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Volk's Game MP3 CD – MP3 Audio, 26 June 2007
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About the Author
Stephen Hoye has won more than a dozen "AudioFile" Earphones Awards and two prestigious APA Audie Awards, including one for "Rich Dad, Poor Dad" by Robert T. Kiyosaki. He has recorded many other notable titles, such as "Every Second Counts" by Lance Armstrong and "The Google Story" by David A. Vise and Mark Malseed.
- Publisher : Tantor Audio; MP3 - CD ed. edition (26 June 2007)
- Language : English
- ISBN-10 : 1400154510
- ISBN-13 : 978-1400154517
- Dimensions : 13.46 x 1.52 x 18.8 cm
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OK, so I'll admit that it took me a while to get into the rhythm of "Volk's Game". I mean, here's a guy - Volk - who gets like one phone call a day - but he's too busy to waste a syllable, answering his calls with only a clipped "Go?" I'm thinking, is this another one of those mindless plastic-hero jobs from the legion of hack pop thriller knockoffs that you can too easily get trapped into reading by phony reviews and shameless promotion? But I stick with it, and soon I'm consumed by the sheer badness of Volk, a Russian veteran of the war in Chechnya - a tale with violence that would be merely gratuitous were it not for the backdrop of Hell that Volk and his comrades faced battling the incorrigible rebels of that God forsaken region.
Well, it's several years since Chechnya, and Volk is now a not-so-common criminal, dealing in drugs, flesh, whatever will deliver to him hard Western currency. But when two underworld lords both approach him with the mission to steal a prize that you clearly can't purchase with your MasterCard - an undiscovered Da Vinci holed up in the subterranean basements of St. Petersburg's Heritage Museum - Volk finds himself trapped in a classic Russian chess match of betrayal, deceit, and brutality unmatched by anything I've encountered in modern crime fiction. Volk's journey piles up more body parts than a George Romero film, and more brains than an MIT Homecoming - but in Ghelfi's warped world, the brains are not neatly packaged, but variously mixed with bone and blood and splashed across concrete or asphalt or other bodies. Volk is the assassin everybody wants on their dance card - a killer who at once will jam a Kalashnikov down a woman's throat, but stop to drop a 100 ruble note on the passed-out husk of a war veteran or abandoned child. He is a lost and formidable character with depth and depravity that seems to have been depleted of the capacity for joy - except for a complicated and, were it any other novel, poignant love for the beautiful but damaged Valya. But before the last page turns, we learn that there is more to Volk that what we see in his impenetrable and continually battered exterior.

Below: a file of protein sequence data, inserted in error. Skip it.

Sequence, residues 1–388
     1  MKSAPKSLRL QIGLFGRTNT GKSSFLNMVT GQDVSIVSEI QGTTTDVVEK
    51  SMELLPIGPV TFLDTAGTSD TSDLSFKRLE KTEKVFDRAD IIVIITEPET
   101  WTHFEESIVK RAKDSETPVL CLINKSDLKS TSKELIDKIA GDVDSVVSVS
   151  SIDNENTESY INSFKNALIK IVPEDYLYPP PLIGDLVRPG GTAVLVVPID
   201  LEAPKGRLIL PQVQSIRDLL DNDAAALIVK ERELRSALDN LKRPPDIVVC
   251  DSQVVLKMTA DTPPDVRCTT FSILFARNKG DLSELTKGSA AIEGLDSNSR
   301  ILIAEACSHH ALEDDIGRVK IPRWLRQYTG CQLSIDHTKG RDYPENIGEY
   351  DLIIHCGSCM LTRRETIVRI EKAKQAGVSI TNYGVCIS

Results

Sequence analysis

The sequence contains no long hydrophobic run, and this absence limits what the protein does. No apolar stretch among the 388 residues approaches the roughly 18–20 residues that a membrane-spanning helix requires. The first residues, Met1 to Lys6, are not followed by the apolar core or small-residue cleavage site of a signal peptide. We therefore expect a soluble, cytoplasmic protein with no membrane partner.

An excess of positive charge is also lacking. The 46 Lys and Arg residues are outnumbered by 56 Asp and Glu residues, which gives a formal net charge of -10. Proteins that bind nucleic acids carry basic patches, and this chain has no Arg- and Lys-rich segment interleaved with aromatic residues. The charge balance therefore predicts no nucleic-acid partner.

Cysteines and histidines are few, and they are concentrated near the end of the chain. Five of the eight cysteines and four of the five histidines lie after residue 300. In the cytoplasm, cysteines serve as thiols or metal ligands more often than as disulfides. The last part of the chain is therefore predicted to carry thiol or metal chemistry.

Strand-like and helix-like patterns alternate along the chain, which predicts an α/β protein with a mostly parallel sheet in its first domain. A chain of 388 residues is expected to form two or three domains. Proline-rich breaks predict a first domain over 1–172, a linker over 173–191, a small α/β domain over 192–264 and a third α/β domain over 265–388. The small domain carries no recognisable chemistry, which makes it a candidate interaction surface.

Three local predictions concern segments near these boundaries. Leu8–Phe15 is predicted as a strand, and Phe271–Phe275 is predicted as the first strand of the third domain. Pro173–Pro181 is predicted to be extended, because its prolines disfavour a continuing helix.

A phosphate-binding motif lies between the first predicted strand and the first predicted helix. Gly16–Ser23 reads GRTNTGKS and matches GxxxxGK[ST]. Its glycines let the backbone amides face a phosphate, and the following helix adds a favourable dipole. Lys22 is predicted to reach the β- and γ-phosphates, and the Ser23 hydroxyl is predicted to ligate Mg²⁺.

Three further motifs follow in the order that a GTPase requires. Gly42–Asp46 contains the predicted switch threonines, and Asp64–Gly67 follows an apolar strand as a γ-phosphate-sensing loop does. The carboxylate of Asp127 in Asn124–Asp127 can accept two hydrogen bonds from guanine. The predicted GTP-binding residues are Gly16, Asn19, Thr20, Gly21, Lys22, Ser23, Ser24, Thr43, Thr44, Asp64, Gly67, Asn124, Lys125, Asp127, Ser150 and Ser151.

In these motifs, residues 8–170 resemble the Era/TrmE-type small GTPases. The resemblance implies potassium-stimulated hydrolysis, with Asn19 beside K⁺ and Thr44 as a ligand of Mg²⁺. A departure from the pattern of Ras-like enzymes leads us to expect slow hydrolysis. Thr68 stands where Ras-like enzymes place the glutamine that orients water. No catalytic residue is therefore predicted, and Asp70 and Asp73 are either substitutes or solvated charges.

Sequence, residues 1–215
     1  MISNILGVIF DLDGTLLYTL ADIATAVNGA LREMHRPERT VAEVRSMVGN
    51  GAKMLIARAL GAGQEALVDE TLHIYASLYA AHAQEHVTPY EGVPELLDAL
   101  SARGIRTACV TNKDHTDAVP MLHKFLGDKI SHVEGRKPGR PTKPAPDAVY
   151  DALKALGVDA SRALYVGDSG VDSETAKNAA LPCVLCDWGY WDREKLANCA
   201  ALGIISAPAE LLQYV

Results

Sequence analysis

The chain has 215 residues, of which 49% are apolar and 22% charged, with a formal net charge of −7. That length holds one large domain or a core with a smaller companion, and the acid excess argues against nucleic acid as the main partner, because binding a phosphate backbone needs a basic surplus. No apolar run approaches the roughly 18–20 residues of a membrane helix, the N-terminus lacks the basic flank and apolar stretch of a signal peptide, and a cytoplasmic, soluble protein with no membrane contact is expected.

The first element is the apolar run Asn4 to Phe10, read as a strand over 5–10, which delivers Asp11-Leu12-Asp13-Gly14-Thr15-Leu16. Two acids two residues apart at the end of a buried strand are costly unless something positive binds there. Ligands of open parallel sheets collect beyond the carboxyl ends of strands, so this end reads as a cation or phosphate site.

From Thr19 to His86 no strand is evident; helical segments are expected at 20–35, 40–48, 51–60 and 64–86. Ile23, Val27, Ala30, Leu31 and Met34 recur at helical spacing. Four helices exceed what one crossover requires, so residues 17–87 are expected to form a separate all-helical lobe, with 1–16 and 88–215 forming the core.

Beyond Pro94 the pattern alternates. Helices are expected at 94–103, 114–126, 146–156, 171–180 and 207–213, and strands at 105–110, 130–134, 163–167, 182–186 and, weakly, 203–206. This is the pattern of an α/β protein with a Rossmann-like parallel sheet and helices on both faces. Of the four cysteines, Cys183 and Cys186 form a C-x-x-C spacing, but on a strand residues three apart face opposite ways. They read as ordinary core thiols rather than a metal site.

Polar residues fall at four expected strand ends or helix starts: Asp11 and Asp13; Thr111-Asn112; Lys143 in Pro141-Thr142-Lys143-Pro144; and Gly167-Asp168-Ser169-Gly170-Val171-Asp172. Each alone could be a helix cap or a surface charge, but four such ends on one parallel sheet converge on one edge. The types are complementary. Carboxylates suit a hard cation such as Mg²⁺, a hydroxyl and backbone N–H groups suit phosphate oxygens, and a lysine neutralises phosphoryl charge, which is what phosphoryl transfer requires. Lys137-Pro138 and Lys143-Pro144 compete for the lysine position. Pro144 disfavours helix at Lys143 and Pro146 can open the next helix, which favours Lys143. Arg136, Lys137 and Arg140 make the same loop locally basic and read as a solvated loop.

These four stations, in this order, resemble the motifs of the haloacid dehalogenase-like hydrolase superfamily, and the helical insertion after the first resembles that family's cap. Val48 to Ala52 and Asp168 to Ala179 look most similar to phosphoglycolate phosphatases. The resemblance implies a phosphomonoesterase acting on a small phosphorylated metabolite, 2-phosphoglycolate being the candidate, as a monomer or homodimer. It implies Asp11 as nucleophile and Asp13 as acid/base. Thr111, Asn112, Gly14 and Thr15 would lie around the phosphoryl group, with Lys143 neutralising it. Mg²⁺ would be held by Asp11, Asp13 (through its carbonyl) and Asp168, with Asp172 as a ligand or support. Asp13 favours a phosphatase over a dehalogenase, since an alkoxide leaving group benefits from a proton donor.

This is "The Da Vinci Code" told with broken vodka bottles and tasers to the groin - grand and bellicose and melodramatic - yet despite all, irresistible in a lewd, voyeuristic way. If you haven't gathered by now, this is fiction is not for everyone - definitely not chick lit, definitely not for the feint of heart, sure to offend more sensitive, politically correct readers. It is certainly not Tolstoy or Dostoevsky - except for the uniquely melancholy ebb and flow of Russia that Ghelfi mimics and captures. So I'm hooked, and waiting delivery of the encore, "Volk's Shadow". And a tip of the hat to CPL for pointing me to Brent Ghelfi and this outrageous new feast of mayhem, crime, and mystery.
I really tried to like this book. It had all the makings of a great ride. But take the humanity out of characters, even the 'anti-hero' and others and you have a lot of action, but no heart. Subsequent sequels will go on without me.